January 23, 2014

On being driven nuts

HERE’S ANOTHER in the ongoing series:

The Disease Called Cruising

3. The Sin of the Lurcher

My watchmate Nick turned out to be a lurcher. Nick was easy-going, friendly, optimistic, and confident. A wonderful person to sail with. Except for one thing. He lurched.

In his happy-go-lucky way, he never wore a safety harness, even when our light-displacement 33-footer was hopping over waves as busily as a one-legged man in an arse-kicking contest. Nick rarely hung on to anything when he walked on deck, or in the cabin below.

The rest of us scrambled or crawled everywhere in fresh weather, clinging to whatever handhold presented itself. But Nick moved in a series of partially controlled lurches. He nearly drove me crazy.

Sometimes, when he was on his way back to the cockpit from the foredeck, he’d be thrown, tottering, to the edge of the cabintop, where he would blithely let his guardian angel take charge.

Always, the boat rocked back the other way just in time, and Nick would make another lurch in the general direction he was aiming at.

He would take his mid-watch pee at the leeward shrouds and never hang on.  I showed him how to do it, arm curled around the shrouds. One hand for the boat, one hand for the family jewels. But no, it simply never occurred to him that he might be flung overboard.

He would come back along the sidedeck carrying a sailbag over his head, in an erratic series of lurches whose length and timing seemed destined to end in his being catapulted over the stern. And then he’d thump down next to you in the cockpit with that silly friendly grin on his face, and what could you say that you hadn’t said a hundred times before?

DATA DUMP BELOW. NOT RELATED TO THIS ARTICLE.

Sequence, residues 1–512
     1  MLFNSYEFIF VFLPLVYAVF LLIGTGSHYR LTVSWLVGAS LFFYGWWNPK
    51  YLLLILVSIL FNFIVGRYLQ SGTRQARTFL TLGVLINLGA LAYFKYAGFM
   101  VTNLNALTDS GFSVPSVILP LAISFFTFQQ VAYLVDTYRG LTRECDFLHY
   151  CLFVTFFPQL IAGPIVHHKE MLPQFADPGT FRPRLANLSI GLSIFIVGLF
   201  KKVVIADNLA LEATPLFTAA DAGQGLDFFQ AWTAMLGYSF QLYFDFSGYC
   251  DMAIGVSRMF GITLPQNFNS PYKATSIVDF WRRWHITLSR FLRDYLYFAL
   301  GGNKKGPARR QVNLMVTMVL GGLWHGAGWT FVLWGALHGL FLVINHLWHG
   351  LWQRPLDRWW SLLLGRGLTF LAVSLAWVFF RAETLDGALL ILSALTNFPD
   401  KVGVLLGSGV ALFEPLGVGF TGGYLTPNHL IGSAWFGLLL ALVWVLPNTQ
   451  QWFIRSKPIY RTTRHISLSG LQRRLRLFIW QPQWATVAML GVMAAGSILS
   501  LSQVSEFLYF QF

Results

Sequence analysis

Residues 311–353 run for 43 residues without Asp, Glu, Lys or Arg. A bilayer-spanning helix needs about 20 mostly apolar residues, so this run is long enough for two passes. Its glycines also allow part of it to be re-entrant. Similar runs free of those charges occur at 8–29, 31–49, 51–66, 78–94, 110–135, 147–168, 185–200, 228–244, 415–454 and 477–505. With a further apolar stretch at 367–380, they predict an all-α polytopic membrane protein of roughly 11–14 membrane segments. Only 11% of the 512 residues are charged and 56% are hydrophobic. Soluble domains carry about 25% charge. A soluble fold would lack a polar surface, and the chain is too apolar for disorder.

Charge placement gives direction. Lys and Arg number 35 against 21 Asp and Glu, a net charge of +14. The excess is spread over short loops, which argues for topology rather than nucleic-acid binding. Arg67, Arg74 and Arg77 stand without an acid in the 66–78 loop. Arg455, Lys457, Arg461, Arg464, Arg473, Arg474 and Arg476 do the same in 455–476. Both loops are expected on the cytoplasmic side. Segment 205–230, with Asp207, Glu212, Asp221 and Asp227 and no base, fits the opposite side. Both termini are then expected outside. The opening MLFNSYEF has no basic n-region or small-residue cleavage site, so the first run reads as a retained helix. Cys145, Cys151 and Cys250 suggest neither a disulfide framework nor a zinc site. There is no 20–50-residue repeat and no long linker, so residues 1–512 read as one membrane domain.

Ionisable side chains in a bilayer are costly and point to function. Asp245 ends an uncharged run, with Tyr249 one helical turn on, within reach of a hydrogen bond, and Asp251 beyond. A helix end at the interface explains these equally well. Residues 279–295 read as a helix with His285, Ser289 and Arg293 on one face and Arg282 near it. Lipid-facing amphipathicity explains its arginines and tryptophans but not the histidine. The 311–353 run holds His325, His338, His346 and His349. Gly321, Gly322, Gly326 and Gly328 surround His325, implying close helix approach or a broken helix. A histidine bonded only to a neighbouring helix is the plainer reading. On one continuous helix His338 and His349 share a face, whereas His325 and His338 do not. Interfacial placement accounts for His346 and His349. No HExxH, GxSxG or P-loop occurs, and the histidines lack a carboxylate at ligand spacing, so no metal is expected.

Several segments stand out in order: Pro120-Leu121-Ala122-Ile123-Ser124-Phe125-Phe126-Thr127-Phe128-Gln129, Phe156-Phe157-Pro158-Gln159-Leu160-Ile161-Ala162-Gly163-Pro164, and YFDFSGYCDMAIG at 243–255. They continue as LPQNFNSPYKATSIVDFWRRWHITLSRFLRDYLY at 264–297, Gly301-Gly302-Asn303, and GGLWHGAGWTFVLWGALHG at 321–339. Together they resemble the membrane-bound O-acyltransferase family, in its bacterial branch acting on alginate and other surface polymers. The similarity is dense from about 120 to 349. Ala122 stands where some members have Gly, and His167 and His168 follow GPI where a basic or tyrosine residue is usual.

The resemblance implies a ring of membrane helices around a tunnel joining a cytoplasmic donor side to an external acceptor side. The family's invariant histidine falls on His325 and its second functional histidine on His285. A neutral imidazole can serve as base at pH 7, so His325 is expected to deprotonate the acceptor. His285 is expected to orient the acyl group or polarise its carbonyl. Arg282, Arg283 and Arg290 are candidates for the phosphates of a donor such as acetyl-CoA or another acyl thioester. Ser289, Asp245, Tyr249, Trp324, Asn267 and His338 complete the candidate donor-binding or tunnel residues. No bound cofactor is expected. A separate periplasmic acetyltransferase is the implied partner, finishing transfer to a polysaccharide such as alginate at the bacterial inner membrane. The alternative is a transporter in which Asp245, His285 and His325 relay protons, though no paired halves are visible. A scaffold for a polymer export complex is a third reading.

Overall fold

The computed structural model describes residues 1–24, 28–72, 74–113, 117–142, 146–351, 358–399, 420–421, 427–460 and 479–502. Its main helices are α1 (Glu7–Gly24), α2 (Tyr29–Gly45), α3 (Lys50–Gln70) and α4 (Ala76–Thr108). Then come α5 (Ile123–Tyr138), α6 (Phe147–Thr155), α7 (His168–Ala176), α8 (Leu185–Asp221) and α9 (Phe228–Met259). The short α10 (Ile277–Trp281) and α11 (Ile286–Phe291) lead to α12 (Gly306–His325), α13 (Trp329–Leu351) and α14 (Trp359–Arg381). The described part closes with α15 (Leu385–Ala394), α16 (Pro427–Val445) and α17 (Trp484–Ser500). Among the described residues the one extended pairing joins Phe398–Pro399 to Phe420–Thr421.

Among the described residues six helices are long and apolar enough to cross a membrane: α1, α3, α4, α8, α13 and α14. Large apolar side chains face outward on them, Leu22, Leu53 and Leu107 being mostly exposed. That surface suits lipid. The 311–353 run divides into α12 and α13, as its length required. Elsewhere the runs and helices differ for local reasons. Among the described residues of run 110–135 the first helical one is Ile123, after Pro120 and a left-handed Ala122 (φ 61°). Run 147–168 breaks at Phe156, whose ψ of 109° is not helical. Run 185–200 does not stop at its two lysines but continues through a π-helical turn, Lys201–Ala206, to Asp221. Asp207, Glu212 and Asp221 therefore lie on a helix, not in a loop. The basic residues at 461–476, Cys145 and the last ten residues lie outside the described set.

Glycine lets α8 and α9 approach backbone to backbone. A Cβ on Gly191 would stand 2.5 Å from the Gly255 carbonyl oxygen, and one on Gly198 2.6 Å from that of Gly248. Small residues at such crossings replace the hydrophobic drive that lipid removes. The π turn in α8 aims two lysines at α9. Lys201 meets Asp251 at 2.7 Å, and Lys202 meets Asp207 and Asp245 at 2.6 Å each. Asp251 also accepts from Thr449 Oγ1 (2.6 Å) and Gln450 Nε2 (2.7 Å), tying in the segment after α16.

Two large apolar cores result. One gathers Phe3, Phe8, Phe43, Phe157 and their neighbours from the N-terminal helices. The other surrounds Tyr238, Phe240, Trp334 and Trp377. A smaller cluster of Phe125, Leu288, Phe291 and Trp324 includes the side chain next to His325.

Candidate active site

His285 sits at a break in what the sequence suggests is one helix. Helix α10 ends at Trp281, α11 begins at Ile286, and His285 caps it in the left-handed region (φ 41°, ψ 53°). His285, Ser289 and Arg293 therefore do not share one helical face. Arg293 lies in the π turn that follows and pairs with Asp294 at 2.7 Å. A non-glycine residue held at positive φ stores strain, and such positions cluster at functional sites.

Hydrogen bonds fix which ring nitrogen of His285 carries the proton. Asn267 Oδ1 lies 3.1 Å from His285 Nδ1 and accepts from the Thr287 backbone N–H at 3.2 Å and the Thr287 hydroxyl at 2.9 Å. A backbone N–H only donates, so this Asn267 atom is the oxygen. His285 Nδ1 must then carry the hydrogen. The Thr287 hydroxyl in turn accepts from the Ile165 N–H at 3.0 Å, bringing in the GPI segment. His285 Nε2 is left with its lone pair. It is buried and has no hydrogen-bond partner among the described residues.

“If you go overboard, you’re dead,” we’d say. “We’re hundreds of miles from the nearest land and out of the shipping lanes. How long do you think it would take us to drop the spinnaker and come back to find you?”

Nick would sit down quietly and seriously and try to work it out.

“Never mind how long!” we’d snap impatiently. “The exact time doesn’t matter. The point is, you don’t stand much of a chance of being picked up. How are we going to explain it to your widow?”

Nick would look contrite for a few hours and crawl ponderously around the deck like a hippo stuck in a mud hole.

But once a lurcher, always a lurcher. Before you knew it, he’d be staggering around the foredeck again, holding the spinnaker pole above his head in mid-jibe, teetering and swaying like a drunken ballet dancer.

Somebody Up There was obviously keeping an eye on Nick. He never fell overboard. He just drove us crazy.

I like to think he drove us nuts because we were concerned about his welfare, but it could also have been because Nick, with his smiles and his infinite faith, with his swashbuckling lurches and his devil-may-care attitude, made the rest of us look and feel like clinging, gutless wimps.

Nice as a man might be otherwise, it’s hard to forgive him a sin like that.

Today’s Thought

When you put to sea in your own boat, you become a different and, for the time being at least, a better man.

— James S. Pitkin


“Life’s not fair.”

“What’s your problem?”

“I want to know why my sister has three brothers and I have only two.”

(Drop by every Monday, Wednesday, Friday for a new Mainly about Boats column.)


Edward said...

But naturally there will be that little bit of schadenfreude when one day you hear he was lost at sea.

John Vigor said...

I understand what you mean, Edward, but I hope it never comes to that, and, if it did, I hope I would feel deep sorrow, not schadenfreude.

Nick and his wife are still cruising, and I think he has gotten a little more cautious at the urging of his wife.

John V.